These contain an average of 2.6 people (1.5 income earners, 0.6 children, and 0.4 seniors)
Finally, in the most educated category available, the average amount of salary coming into households is $116,018, with roughly an additional $17,000 coming in from other sources such as social security, dividends, property, and other income.
Here, 62.9% of income gets spent, and 17.3% gets put towards savings. The most significant expenditure categories are housing (23.3%), household expenses (8.4%), gas and insurance (7.2%), and food at home (6.9%).
A Changing Role for Education?
For now, there is a clear link between certain types of college degrees and higher salaries.
However, as total student debt continues to hit record highs of $1.5 trillion and as more remote educational options proliferate online, it will be interesting to see how these charts are impacted in the coming years.
By the year 2030, do you think education will still have the same strength of correlation with income levels?
How the Modern Consumer is Different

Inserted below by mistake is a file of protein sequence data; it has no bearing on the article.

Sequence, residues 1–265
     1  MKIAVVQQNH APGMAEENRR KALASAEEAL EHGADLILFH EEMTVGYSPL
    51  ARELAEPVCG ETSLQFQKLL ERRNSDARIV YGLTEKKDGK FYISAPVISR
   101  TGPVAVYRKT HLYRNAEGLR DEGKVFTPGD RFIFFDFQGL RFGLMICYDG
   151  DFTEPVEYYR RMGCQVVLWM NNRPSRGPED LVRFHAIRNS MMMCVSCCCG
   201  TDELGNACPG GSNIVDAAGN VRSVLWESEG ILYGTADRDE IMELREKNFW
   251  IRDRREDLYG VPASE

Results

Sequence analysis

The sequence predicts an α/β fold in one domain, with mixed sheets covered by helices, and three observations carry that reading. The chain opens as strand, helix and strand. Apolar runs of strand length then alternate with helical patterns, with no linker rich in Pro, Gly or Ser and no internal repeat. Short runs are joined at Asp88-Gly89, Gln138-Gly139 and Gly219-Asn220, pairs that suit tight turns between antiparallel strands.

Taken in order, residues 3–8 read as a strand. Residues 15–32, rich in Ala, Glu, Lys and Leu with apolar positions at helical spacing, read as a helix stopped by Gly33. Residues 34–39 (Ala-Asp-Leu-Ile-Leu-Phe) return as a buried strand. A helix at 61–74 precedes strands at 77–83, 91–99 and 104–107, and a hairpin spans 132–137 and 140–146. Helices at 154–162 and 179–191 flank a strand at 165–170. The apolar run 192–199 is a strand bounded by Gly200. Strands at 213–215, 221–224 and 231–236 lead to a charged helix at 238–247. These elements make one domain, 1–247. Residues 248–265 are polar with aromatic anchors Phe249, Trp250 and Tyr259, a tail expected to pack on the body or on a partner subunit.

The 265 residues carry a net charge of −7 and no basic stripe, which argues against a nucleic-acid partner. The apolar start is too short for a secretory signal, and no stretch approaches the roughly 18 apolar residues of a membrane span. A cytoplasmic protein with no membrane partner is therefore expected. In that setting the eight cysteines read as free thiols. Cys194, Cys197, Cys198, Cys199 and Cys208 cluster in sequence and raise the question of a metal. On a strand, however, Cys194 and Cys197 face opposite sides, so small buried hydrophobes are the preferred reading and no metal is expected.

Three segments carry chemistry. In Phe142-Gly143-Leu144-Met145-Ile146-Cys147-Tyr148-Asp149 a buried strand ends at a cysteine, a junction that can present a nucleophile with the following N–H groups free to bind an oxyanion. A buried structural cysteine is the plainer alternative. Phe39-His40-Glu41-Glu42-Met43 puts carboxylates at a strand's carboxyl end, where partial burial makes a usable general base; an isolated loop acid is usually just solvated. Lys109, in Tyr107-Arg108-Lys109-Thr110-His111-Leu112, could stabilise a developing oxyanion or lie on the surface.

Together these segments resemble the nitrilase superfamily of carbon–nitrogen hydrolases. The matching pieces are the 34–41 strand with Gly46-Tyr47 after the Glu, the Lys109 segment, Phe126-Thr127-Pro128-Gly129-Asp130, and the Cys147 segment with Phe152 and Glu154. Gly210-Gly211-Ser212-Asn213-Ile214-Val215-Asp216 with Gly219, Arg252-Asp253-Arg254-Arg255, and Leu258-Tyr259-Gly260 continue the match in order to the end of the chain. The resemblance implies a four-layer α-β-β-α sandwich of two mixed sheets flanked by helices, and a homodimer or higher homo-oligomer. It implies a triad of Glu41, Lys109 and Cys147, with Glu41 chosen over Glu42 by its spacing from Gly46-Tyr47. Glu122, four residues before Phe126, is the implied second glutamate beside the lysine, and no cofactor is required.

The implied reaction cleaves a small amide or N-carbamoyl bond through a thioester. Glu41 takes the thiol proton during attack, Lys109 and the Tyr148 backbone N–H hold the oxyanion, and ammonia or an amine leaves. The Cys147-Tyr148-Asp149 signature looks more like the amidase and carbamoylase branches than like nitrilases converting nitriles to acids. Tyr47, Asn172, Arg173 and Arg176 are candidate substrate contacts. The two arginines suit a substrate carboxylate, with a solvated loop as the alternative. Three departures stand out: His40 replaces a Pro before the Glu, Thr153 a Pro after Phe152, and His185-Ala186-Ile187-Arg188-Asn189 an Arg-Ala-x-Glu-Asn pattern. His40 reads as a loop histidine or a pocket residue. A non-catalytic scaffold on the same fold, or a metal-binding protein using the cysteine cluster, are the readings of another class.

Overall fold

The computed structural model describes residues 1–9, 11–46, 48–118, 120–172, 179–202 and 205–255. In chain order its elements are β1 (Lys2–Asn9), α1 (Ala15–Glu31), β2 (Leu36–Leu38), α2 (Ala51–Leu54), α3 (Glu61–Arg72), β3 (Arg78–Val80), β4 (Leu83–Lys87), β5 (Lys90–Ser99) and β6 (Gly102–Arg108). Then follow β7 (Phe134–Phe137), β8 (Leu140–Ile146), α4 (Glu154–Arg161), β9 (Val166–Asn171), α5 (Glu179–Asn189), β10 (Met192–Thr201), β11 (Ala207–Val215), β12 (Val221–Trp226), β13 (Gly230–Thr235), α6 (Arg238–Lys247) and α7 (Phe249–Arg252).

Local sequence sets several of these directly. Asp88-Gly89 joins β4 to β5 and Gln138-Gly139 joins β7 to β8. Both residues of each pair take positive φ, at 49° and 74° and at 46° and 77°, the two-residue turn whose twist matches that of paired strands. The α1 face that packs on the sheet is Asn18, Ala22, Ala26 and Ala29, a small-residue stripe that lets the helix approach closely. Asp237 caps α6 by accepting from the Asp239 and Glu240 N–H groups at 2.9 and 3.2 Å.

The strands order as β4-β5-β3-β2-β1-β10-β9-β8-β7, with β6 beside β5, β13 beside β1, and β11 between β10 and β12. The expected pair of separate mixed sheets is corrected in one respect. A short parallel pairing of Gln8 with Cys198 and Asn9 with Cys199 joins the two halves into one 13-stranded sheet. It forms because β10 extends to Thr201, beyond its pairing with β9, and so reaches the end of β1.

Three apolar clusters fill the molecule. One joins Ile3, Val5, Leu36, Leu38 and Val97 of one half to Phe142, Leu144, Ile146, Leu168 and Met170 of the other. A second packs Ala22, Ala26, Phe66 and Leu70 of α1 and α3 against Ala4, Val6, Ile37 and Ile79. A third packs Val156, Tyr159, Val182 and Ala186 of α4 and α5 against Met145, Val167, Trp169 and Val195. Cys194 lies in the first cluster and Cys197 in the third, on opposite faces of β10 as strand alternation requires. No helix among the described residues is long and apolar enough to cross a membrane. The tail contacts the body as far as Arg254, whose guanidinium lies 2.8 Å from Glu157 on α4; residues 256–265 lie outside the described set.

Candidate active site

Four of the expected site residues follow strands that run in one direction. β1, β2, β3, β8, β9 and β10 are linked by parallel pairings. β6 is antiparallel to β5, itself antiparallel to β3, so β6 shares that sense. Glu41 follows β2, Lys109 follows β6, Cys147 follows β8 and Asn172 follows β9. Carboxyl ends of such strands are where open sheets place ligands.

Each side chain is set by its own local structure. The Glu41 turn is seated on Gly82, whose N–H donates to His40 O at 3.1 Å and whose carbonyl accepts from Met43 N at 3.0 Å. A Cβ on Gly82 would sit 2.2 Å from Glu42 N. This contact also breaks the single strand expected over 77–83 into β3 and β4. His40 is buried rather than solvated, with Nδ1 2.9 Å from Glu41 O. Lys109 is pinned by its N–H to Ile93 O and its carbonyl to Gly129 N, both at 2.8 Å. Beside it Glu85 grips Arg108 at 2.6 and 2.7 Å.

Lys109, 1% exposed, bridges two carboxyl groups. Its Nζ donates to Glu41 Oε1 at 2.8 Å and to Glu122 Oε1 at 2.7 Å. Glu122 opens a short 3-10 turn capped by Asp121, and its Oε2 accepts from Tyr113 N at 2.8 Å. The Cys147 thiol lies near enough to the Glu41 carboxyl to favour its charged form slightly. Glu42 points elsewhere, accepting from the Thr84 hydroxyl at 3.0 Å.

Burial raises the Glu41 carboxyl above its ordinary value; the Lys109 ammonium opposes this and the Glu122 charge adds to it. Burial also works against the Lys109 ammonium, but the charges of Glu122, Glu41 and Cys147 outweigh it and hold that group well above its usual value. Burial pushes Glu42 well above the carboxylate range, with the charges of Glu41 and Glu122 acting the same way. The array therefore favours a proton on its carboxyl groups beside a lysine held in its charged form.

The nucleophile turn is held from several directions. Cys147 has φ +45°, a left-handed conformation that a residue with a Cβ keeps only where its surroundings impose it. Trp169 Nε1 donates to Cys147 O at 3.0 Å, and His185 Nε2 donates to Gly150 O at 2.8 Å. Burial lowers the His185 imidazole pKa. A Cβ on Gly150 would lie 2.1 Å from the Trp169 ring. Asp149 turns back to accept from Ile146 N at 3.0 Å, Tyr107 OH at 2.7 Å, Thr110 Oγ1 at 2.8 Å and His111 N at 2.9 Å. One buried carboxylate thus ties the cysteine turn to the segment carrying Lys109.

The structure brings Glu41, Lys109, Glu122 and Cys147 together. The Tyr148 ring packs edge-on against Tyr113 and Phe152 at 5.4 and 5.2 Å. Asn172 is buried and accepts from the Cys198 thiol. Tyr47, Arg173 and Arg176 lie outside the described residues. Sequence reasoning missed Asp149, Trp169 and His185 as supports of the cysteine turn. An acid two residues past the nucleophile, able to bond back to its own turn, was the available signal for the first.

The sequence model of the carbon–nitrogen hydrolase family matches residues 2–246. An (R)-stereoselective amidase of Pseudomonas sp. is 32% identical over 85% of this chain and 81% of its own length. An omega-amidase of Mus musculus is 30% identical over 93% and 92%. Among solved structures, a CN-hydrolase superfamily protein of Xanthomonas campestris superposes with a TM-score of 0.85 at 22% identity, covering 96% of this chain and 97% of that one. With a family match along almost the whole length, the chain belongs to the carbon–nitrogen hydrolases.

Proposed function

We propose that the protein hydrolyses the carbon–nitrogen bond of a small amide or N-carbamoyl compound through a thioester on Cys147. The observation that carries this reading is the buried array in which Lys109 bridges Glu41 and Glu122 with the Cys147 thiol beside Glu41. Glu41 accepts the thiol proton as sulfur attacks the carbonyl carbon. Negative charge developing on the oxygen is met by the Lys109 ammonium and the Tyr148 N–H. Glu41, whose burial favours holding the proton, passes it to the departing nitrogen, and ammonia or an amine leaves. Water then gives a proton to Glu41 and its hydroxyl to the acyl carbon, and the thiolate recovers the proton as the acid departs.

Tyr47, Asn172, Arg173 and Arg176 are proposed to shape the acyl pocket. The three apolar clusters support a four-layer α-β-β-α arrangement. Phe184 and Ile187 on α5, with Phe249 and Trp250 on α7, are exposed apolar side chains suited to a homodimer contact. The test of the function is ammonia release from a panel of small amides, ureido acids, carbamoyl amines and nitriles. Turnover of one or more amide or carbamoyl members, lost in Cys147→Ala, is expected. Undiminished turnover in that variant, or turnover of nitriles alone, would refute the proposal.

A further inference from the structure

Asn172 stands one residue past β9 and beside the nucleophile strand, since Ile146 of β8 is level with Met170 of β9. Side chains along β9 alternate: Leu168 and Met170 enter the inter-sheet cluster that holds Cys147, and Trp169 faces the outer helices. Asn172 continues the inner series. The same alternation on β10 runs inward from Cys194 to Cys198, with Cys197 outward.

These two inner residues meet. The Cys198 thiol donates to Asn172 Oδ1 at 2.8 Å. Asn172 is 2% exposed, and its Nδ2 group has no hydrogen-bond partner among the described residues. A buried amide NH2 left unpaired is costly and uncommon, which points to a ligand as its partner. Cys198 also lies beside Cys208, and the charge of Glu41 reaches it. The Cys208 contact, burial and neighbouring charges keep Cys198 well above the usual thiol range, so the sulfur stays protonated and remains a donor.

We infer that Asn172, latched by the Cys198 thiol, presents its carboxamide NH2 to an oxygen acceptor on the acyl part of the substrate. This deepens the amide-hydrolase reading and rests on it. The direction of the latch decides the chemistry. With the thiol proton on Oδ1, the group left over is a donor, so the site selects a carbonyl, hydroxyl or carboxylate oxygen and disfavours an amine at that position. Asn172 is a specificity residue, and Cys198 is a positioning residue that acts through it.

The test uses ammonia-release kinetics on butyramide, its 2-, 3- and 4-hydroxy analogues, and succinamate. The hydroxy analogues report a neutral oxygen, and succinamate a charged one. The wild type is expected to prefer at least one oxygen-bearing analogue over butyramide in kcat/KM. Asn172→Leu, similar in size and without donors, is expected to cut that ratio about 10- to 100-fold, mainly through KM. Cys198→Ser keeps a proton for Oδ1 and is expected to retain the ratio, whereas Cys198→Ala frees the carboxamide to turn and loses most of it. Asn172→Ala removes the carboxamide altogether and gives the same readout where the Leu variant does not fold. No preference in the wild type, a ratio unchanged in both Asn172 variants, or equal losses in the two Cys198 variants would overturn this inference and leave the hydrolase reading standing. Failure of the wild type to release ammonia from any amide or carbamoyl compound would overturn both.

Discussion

We all have a stereotypical image of the average consumer – but is it an accurate one? Meet the modern consumer, and what it means for business.
How the Modern Consumer is Different
There is a prevailing wisdom that says the stereotypical American consumer can be defined by certain characteristics.
Based on what popular culture tells us, as well as years of experiences and data, we all have an idea of what the average consumer might look for in a house, car, restaurant, or shopping center.
But as circumstances change, so do consumer tastes – and according to a recent report by Deloitte, the modern consumer is becoming increasingly distinct from those of years past. For us to truly understand how these changes will affect the marketplace and our investments, we need to rethink and update our image of the modern consumer.
A Changing Consumer Base
In their analysis, Deloitte leans heavily on big picture demographic and economic factors to help in summarizing the three major ways in which consumers are changing.